“How do you get an apple in your eye?”
“Just how easy is pie?”
“Who would eat crow or eat their heart out?”
—Excerpts, Love in English
English can be a confusing language. This is something 16-year-old Argentina native Ana quickly finds out. Ana’s dad has lived in America for three years and is finally joined by his wife and daughter. Starting her third year of high school, Ana is no longer the child he knew. Through ESL classes, tutoring, and a newfound Spanish-speaking friend, Ana goes through the school year learning what it means to live and grow up in America.
“Why you come here [to America], Ana?”
It’s only five words, but such a big question… I have learned enough English to know the answer is “a better life.” It’s what teachers say… But better life is not quite right. It makes me feel disloyal… to my friends and family back home, like somehow my life with them was something that needed bettering… There’s a different word I would choose.
“A bigger life,” I say.
—Excerpt, Love in English
Before chapter one of Love in English begins, author Maria E. Andreu shares with the readers that she herself went through an experience similar to Ana’s. Ana’s thoughts are filled with rich complexity. Readers are treated with a three-dimensional character who speaks from real experience. You will follow her teenage soul-searching journey while searching for the right words in English. This book will melt out of your hand and into your heart as your mind becomes one with Ana’s thoughts and actions.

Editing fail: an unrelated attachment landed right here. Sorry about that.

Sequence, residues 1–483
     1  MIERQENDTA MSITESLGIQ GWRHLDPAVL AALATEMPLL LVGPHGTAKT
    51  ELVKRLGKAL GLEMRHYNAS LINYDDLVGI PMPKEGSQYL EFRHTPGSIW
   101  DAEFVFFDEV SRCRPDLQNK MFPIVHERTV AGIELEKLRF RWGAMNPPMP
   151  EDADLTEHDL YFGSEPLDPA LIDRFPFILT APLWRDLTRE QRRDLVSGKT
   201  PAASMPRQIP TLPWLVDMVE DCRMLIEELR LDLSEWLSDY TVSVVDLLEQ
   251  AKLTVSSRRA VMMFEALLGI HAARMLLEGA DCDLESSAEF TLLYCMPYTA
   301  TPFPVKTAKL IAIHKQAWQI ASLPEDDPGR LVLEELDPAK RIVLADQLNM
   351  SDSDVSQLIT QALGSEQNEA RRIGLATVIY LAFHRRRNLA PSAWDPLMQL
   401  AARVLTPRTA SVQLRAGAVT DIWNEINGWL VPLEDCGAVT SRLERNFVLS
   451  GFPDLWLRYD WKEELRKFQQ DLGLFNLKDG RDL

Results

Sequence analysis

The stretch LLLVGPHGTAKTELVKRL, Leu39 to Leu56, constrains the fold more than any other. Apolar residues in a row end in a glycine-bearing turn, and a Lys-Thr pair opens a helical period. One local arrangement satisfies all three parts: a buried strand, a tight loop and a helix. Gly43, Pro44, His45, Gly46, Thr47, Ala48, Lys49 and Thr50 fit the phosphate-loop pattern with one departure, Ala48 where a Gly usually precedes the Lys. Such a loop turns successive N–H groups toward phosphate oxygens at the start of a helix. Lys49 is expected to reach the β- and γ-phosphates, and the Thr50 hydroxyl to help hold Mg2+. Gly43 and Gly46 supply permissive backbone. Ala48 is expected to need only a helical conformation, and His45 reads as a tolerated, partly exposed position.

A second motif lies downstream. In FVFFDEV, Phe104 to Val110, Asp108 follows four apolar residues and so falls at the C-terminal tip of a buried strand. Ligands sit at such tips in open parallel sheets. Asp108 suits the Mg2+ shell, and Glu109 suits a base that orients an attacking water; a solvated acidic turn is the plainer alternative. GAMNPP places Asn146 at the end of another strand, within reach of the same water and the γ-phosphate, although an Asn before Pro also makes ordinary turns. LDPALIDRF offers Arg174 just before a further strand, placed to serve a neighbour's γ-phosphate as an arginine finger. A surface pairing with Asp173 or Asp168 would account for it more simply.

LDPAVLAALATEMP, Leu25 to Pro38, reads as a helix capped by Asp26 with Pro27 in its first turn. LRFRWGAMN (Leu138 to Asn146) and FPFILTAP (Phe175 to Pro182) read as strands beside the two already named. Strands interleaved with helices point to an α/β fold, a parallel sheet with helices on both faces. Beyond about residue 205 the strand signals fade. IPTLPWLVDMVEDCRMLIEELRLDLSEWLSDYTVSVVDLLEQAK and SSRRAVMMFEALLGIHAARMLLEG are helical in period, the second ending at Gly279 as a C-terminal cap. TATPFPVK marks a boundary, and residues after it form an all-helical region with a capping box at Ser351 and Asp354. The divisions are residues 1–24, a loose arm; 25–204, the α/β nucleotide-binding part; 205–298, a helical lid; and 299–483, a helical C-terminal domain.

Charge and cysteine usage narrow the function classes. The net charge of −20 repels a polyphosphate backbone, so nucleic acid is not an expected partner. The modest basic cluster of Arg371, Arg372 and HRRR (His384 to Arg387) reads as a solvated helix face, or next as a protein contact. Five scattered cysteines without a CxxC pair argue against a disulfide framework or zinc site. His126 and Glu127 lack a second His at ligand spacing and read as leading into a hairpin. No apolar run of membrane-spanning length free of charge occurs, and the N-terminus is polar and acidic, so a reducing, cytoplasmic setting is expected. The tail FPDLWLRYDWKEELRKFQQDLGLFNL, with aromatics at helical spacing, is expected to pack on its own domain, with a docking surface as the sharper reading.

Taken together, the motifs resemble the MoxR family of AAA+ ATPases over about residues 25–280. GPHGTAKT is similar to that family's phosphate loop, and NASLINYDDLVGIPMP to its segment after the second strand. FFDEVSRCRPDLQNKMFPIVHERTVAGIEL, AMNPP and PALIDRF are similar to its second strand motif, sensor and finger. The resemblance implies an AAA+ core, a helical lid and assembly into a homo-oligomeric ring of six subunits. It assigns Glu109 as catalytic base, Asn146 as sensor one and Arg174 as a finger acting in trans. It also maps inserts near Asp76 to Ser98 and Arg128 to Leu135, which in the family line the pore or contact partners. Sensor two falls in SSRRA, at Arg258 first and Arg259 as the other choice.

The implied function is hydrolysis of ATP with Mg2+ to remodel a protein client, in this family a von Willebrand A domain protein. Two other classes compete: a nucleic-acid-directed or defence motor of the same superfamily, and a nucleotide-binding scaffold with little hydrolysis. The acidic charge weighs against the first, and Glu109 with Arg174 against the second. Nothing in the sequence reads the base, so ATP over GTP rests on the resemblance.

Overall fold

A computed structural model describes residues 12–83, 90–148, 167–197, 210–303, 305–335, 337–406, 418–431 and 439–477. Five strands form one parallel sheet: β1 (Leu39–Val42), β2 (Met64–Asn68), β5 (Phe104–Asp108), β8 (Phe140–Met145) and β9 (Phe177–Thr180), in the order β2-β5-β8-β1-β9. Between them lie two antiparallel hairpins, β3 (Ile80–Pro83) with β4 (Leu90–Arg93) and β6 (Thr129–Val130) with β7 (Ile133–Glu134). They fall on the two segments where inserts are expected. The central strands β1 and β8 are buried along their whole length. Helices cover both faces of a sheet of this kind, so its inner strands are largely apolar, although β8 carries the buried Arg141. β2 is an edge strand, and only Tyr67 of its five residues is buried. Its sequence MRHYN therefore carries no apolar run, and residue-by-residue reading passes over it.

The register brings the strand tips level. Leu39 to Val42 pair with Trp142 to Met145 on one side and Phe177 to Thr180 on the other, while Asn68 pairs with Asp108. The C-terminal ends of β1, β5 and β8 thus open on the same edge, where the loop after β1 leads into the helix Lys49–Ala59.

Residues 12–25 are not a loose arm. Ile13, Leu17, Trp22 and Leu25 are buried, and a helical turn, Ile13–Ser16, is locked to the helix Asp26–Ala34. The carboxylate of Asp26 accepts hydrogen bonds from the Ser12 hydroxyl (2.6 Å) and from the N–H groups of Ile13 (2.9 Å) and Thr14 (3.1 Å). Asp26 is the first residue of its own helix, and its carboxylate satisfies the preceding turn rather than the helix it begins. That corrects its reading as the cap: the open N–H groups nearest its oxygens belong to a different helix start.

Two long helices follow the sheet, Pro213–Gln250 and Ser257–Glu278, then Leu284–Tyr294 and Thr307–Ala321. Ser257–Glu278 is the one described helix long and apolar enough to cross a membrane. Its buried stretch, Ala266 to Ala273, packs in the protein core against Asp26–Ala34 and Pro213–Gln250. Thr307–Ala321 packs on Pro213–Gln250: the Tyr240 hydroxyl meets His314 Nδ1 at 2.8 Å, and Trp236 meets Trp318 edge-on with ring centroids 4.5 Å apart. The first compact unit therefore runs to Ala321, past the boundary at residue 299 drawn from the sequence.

Going through high school is tough for any teenager. Throw into the mix a teenage girl who can barely speak English to communicate with a love and talent for poetry, and readers are taken on a beautiful and challenging journey layered with art, heartache, joy, confusion, realization, and self-discovery. Ana’s interactions with her family, old friends, and new friends illuminate the challenges and rewards of growing up in a new environment.
It’s a pleasure to accompany Ana on her journey. You will pick up the novel with curiosity and put it down with a better understanding of what it’s like to find your voice in a language that you don’t speak.
A copy of this book was provided by the publisher, Balzer + Bray, for review.